Introducing the Common Attack Process Framework for Incident Mapping

Introducing the Common Attack Process Framework for Incident Mapping

Stephen Mancini (Robert Morris University, USA), Laurie Iacono (Robert Morris University, USA), Frank Hartle (Robert Morris University, USA), Megan Garfinkel (Robert Morris University, USA), Dana Horn (Robert Morris University, USA) and Alison Sullivan (Robert Morris University, USA)
Copyright: © 2021 |Pages: 8
DOI: 10.4018/IJCRE.2021070102
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The paper presents a new framework that allows both educators and operational personnel to better overlay incidents into a simplified framework. While other attack frameworks exist, they either lack simplicity or are too focused on specific types of attacks. Therefore, the authors have attempted to define a framework that can be used broadly across both physical and cyber incidents. Furthermore, the paper provides several high-profile examples wherein it is shown how this new framework more accurately represents the adversary's actions. Lastly, the framework allows room for expansion in that, within each stage, a plethora of questions can be addressed, giving greater specificity into how that stage was carried out.
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Various attack frameworks and methodologies exist which attempt to capture the process of how adversaries conduct different types of attacks. The purpose of capturing adversarial activity is dependent upon the user of the information captured. For example, capturing how a specific malware variant operates can lead to the development of signatures for security devices. In addition, depending on the attack, whether cyber or physical, the methodology can be captured for a variety of reasons ranging from tactical solutions to policy implementations. Furthermore, within these various frameworks and methodologies, there are often redundancies that do not necessarily allow for any distinction between the frameworks themselves and their defined stages as they are either too specific or more likely, sub steps of already identified stages. As such, the authors have conducted research into several attacks and propose that attacks undergo sequentially ordered steps which are often referred to as ‘stages’. In addition, these stages occur regardless of whether the attack is physical or cyber. As a result of identifying these five main stages, both operational personnel and academics are better positioned to understand and thus defend against potential adversary actions. Finally, regardless of the skillset or motivation of the adversary, all adversaries must undergo some sort of ‘thought’ process prior to carrying out their actions. Obviously, the more advanced the adversary, the more likely that they are going to be more methodical in how they conduct each step.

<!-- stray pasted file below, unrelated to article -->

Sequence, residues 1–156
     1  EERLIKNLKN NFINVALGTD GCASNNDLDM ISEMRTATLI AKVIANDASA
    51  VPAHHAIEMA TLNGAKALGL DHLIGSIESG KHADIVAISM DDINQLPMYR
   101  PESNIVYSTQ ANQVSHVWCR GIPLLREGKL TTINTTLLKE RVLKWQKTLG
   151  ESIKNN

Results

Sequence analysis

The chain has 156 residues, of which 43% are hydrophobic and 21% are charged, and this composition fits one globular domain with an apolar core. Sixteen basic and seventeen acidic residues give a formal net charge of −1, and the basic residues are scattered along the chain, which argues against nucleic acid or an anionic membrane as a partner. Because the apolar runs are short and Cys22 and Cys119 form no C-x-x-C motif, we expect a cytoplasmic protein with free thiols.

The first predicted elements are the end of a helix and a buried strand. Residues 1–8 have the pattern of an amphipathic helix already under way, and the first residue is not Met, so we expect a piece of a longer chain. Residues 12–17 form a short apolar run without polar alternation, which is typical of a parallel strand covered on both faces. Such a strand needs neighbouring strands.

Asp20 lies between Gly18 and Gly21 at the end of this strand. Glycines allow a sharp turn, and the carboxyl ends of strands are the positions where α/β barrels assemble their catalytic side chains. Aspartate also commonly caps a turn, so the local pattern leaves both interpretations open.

Two of the more common frameworks in place today are the MITRE Adversarial Tactics, Techniques, and Common Knowledge (ATT&CK) and the Lockheed Martin Cyber Kill Chain. MITRE describes their framework as “a curated knowledge base and model for cyber adversary behavior, reflecting the various phases of an adversary’s attack lifecycle” (Strom et al., 2018, p. 1). First created in 2013, the MITRE ATT&CK model is designed to focus more on specific environments, capturing adversary actions and dynamically updating the model with regularity (Strom et al., 2018). While there are overarching steps, e.g. initial access, execution, persistence, etc., the model quickly morphs into a large matrix specifically focused on cyber-attacks. Again, while comprehensive, it lacks the simplicity of being able to explain at a strategic level how an attack progresses. Table 1 shows the first stage, Reconnaissance, and the ten corresponding techniques as identified in the MITRE ATT&CK model.

Table 1.
MITRE ATT&CK Reconnaissance Stage and the Ten Techniques
Reconnaissance Techniques
Active Scanning
Gather Victim Host Information
Gather Victim Identity Information
Gather Victim Network Information
Gather Victim Org Information
Phishing for Information
Search Closed Sources
Search Open Technical Databases
Search Open Websites/Domains
Search Victim-Owned Websites

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